Sunday, February 27, 2011

Steal this post: It's WHODATHUNKIT!? The 3 Best Things You Want To Know About the 83rd Annual Academy Awards!


It's time again for Whodathunkit!? - -that feature that takes a major public event like, say, The Academy Awards, or that time you almost barfed on the Tilt-A-Whirl, and focuses in like a laser beam aimed through a convex lens at a microscope held by a sharpshooter, looking not at what everybody else is talking about, but on the things you really want to know.

Would it be a convex lens? Or a concave lens? Does it matter? Nobody's going to try that, right? So it's not like someone out there would hook up a laser beam to all that stuff, only to have the wrong lens scatter the laser beams into the air, shooting down birds and causing a mass panic about what might be killing them until a quasi-governmental agency makes up a story that the birds were just confused by fireworks and ran into buildings, explaining it all away by saying that the birds had tiny little lumps on their heads surrounded by tinier stars and birds circling them in a comical cartoon fashion...

... but nobody fooled me, and when the Trilateral Commission puts Sarah Palin in charge of America, declares martial law and reveals that Twinkies have a secret mindcontrol ingredient, I'll be the one laughing, while you all say "What in God's name did that have to do with birds and/or the Academy Awards?"

Which is for me to know, and you to find out. And with that bizarre introduction, let's focus in like what I said before on those three things you really want to know about tonight's ceremony:

1. You know that Oscar statue you saw on eBay? It might have been real, so you probably should've bid more than $2.54. Much is made of the security of the Academy Award balloting every year, with the legend of how tightly the votes and results are guarding getting more and more elaborate with each showing of the awards ceremony; this year, according to reliable sources, the ballots were put into a locked treasure chest wound thrice about with chains made of equal parts steel and the tears of orphans, then sunk in a leaden box to the bottomless depths of the Marianas Trench, where they were guarded by mythical beasts made real by genetic experiments funded by Rupert Murdoch. Plus, there were accountants involved somehow.

Have you ever wondered why we need accountants to count the Oscar votes? And, have you ever wondered why accounting schools don't use that as a selling point to get more people to be accountants?:

"Come to Murray's School Of Accounting, accrediting pending, and while you might spend 364 days of each year toting up how much your boss spent on Post-It notes, there's a possibility that someday you'll get to know a few hours before everyone else who's going to win best supporting actor."

But that security over the votes seems to have missed a beat when it comes to guarding the statues themselves. Which is especially surprising given that the Academy is insistent that nobody but nobody except the winners ever own an Oscar statue (as I noted last year.)

On at least two occasions, the actual Oscar statuettes have been stolen; the more recent was a heist of 55 statues back in 2000. Two men were charged with grand theft for taking the statues from a Roadway Express site where they were waiting to be shipped. One of the thieves got 6 months in jail and 5 years' probation, plus was ordered to pay back the reward money that his employer had offered to help find the Oscars. An alleged accomplice, Anthony Keith Hart, was arrested but never charged, and later sued for false arrest (but lost.)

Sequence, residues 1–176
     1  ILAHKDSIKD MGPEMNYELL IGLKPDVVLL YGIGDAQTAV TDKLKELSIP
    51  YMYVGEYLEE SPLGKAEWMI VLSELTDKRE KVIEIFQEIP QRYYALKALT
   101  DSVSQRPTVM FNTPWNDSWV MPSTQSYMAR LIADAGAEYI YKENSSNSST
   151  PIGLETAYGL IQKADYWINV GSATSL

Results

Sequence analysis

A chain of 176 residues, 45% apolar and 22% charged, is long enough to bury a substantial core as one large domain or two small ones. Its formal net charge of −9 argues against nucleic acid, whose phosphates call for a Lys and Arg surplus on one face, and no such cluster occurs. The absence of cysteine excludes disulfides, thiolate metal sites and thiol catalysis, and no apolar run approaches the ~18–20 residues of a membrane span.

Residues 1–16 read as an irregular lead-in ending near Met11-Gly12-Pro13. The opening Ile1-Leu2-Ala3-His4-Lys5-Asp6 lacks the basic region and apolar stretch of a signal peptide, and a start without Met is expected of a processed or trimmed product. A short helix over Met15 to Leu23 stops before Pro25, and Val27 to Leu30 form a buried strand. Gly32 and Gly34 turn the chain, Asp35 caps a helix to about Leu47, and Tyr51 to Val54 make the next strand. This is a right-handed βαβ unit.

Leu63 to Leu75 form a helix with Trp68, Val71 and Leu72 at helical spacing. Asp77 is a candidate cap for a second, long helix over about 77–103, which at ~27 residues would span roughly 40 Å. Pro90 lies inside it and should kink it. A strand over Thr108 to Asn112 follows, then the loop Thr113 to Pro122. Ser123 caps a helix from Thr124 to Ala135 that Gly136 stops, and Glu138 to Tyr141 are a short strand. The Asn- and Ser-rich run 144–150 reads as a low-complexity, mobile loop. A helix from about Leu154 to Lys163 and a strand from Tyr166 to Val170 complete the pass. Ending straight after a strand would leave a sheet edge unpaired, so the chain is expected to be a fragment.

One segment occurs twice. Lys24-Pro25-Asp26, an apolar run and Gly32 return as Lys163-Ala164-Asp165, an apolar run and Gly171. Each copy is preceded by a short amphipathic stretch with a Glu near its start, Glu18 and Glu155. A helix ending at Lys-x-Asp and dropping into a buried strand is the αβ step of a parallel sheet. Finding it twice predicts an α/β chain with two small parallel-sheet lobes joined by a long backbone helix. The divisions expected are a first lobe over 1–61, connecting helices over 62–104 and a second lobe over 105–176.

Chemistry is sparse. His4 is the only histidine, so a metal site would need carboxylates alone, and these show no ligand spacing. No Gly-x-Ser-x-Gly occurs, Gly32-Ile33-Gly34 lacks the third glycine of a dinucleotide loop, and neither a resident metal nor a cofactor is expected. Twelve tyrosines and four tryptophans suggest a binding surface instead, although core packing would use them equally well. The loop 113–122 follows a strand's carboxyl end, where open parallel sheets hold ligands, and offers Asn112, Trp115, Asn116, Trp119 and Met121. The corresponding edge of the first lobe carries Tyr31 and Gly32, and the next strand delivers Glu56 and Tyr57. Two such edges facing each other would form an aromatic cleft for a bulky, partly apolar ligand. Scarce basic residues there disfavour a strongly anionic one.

52 of the 55 missing Oscars were located by a man named Willie Fullgear, who got the $50,000 reward the thief had to pay back, but it wasn't exactly a happy ending for Fullgear, who put the money in a safe in his apartment only to have thieves steal $40,000 or so of it. Fullgear did get to go to the ceremony that year.

One of the still-missing three Oscars was later found in the Fort Lauderdale, Florida area during a drug investigation, because under federal law Florida must be involved at least tangentially in every news story. The remaining two are still missing.

2. You said there were two thefts, but you only talked about one. What's the deal?

You're reading this pretty closely. Good for you! See if you can decipher the code I've hidden in here; one lucky winner who unscrambles it will be awarded one million dollars!*

The other Oscar theft was more brazen and even more deserving of being made into a TV Movie Of The Week. It's the story of Alice Brady and the Oscar Thief, which should be a Bob Dylan song, but isn't.

Alice Brady was an actress back in the 1930s, when all it took to be an actress was a quick trip to Hollywood by train, quick being "about four and a half weeks," longer if you got sick with typhoid, which happened automatically on the railroads back then unless you upgraded to the first class ticket. Nowadays, becoming an actress is much harder; you have to work and slave at your craft and appear in dozens of tiny parts while working your way "up the ladder" in the hopes that eventually you'll land a starring role and will sweep America off its feet, giving you fame and fortune which you can then turn into even bigger fame and fortune by marrying a dirtball biker who wants to sleep with Nazis so that when you get dumped right around the time your generic feel-good movie is being considered for an Oscar itself, you'll sweep the Awards.